The Intention Behind The Words
I previously wrote a post called ‘Use Your Words (With Care)‘ where I mentioned that saying nothing at all can sometimes be more damaging than what could have been said. I also stated that I believe we have an emotional connection to words. I got this idea from ‘The Chimp Paradox‘ by Steve Peters, where we learn to associate certain feelings with certain words. There is then a chance of triggering those feelings upon hearing them. For example, words like severe, vile and grotesque may cause us to have a negative reaction because that is how we associate them. A well written novel may use the connection we have with certain words to bring the scene alive to the reader.
It is also the difference between saying something is rubbish to saying it’s not very good. The first could potentially invoke a far more negative reaction in us because the word usage is harsher despite the meaning being the same. As the book ‘The Chimp Paradox‘ suggests, using the wrong words in the wrong situations can invoke the anger in the other person’s chimp.
Another interesting example is the use of swearing. I’ve read about this in a few books and also saw it on ‘Fry’s Planet Word’ – Episode 3 ‘Uses and Abuses.’ Swear words cause the brain to light up. On placing a hand in a bucket of ice water it is suppose to be bearable for longer if we swear during the experience – I actually did try this and found it to be the case. However, the more we are subjected to such words the less they affect us.
I’ve noticed that when I’m around people that use swear words regularly to express themselves – particularly when it comes to differences in opinion – I tend to withdraw more into my shell. It’s not because I expect everyone to agree with me – in fact I enjoy such discussions -, but the use of language throws me. I don’t think it is such a surprise why some may act defensively – to things as silly as not agreeing on a favourite pastime – when you consider the language being used. That being said, I don’t think we all associate with words in the same way. My parents were quite strict on me with bad language; they’d get angry and punish me if they caught me using certain words. In contrast to this I’ve noticed some parents laughing and almost encouraging their children when they hear them speak profanities. As such, I tend to change the way I speak depending on the company I am with.
Some words can also be used positively and negatively, even swear words. Those people using bad language to express themselves probably don’t mean offence or realize how others may interpret that to seem abrupt. Banter between friends could involve very negative language towards each other, but in a friendly, joking sort of way; In fact banter can show just how comfortable we are around each other to allow ourselves to be made vulnerable. Some of us struggle when it comes to social skills or allow our emotions to colour what we’re saying, but we don’t intend any harm. There are also times that we may accidentally use words that are offensive to certain cultures; Perhaps due to a lack of education, the meaning being changed over time or because one word can have multiple meanings across different cultures. There’s a difference between a person with pure intentions accidentally using an offensive term, to a person shouting insults with obvious intended harm.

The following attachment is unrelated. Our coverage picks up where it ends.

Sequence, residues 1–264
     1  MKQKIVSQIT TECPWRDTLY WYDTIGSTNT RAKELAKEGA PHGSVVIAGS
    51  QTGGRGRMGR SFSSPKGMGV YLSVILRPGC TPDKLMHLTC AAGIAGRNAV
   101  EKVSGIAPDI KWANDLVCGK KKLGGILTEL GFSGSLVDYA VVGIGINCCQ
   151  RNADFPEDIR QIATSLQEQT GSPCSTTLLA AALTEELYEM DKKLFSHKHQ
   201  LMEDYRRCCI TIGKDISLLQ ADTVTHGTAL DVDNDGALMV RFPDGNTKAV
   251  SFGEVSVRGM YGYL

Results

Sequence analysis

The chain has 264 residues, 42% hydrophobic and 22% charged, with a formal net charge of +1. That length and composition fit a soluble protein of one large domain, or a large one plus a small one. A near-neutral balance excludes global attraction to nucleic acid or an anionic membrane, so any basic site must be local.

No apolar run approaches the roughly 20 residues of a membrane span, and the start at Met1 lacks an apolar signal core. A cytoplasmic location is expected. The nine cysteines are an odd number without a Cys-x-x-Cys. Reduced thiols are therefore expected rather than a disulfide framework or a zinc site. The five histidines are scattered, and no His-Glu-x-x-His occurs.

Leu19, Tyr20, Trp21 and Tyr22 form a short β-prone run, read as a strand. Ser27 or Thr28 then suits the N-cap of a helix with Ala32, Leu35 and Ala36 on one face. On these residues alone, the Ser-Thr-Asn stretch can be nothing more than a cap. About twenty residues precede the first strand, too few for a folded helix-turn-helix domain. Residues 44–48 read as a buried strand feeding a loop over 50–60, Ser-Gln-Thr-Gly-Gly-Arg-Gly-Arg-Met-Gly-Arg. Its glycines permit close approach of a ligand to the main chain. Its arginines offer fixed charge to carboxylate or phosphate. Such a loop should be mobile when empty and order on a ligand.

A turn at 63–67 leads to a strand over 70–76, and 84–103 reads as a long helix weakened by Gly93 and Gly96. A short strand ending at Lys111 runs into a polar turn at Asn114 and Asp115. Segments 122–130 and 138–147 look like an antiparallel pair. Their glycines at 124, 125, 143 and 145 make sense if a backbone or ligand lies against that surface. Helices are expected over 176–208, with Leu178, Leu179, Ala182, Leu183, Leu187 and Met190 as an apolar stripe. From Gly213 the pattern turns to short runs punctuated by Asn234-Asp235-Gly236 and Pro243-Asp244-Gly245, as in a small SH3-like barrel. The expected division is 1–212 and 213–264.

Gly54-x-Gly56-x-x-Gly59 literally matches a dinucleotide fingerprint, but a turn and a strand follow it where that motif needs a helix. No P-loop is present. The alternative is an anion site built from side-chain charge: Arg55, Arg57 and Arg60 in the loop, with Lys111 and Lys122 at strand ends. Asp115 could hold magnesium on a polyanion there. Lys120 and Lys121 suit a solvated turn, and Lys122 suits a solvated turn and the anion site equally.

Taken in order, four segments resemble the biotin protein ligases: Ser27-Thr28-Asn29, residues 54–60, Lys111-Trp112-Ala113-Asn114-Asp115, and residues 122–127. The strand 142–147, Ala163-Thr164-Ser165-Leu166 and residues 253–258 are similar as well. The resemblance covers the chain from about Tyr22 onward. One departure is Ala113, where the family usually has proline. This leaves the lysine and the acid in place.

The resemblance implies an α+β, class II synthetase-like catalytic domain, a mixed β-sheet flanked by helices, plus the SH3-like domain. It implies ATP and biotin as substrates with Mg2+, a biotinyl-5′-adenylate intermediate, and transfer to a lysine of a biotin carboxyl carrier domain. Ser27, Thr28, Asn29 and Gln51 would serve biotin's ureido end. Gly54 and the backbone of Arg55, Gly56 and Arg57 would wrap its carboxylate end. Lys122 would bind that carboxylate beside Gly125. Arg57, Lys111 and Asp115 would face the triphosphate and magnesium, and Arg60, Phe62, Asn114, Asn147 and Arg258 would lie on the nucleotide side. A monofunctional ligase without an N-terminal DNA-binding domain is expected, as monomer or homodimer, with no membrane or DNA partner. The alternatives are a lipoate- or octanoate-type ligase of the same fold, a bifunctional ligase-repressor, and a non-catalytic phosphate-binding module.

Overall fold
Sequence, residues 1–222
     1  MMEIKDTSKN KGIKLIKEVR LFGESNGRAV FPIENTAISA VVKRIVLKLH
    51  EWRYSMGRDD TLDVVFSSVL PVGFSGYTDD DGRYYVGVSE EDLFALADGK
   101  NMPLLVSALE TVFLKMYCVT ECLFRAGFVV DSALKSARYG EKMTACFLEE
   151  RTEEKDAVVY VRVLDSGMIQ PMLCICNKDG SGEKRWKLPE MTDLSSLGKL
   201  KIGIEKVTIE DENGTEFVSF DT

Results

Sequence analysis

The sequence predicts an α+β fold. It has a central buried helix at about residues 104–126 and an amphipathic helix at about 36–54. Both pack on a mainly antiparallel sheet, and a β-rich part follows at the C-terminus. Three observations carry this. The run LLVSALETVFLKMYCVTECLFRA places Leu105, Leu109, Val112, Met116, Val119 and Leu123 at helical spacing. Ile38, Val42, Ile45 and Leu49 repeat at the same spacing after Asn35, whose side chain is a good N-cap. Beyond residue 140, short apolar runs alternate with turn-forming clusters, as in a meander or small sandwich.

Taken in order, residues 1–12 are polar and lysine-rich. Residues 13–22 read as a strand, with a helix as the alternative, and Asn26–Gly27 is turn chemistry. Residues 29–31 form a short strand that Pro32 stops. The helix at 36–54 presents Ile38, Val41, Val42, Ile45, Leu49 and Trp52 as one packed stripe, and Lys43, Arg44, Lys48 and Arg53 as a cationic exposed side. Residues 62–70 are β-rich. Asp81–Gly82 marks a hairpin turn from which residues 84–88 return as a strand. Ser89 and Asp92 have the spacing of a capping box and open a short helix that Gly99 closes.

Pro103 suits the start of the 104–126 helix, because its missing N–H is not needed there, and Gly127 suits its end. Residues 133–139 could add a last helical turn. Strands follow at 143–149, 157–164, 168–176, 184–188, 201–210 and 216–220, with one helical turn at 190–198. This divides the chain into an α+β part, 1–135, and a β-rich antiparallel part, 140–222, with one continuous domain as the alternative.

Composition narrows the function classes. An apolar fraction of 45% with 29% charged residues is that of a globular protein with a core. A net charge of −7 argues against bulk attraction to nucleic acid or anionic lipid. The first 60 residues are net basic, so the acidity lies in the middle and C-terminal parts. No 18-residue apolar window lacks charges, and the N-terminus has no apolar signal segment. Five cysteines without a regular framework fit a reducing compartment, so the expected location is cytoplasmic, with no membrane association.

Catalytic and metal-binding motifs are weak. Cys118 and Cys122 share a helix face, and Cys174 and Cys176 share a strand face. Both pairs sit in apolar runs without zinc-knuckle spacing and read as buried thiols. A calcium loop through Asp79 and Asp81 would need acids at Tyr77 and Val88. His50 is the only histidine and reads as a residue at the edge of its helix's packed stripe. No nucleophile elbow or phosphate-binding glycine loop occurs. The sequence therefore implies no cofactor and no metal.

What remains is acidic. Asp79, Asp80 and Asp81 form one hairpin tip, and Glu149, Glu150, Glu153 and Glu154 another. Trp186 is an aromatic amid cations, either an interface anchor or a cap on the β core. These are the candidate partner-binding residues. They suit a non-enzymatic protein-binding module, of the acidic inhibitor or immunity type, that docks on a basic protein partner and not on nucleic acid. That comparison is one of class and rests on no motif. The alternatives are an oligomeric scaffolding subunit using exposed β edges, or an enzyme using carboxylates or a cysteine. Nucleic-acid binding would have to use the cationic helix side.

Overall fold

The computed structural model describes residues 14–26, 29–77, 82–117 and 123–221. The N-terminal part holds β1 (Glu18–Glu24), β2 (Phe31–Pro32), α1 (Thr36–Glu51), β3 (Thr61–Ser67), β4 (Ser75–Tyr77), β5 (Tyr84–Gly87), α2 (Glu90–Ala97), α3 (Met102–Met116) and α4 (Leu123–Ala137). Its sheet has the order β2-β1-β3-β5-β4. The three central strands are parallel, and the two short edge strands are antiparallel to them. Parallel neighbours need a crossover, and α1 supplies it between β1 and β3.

It’s easy to be misinterpreted no matter how clear we try to be – you often see celebrities being quoted in newspapers for ideals they may not even have. It has surprised me on a number of occasions how my words have been taken. I really appreciate being given the chance to learn and explain myself in such circumstances, just as I try to give others that same chance. Tone, expression and body language all play a role in how we communicate and so we cannot always understand intention from the words alone. Even with all of the information we can still make mistakes. I’ve found that it’s easy to get offended, but perhaps it’d be better to question the intention a little further first – for our own benefit as well as others as we may be getting upset for no reason. I guess what I’m trying to say is that words and intention are not always clear.
I also mentioned in ‘Use Your Words (With Care)‘ that I’d previously been given the impression that words could just be ignored – they’re just sounds afterall; I don’t fully agree with that, partly due to the emotional connection we have with words and also because many of us want to feel socially validated. Even so, we have no control over how others treat us, but we can try to control how we let it affect us. We can choose to take a more positive action rather than getting angry or upset; I personally prefer not to be either of those things.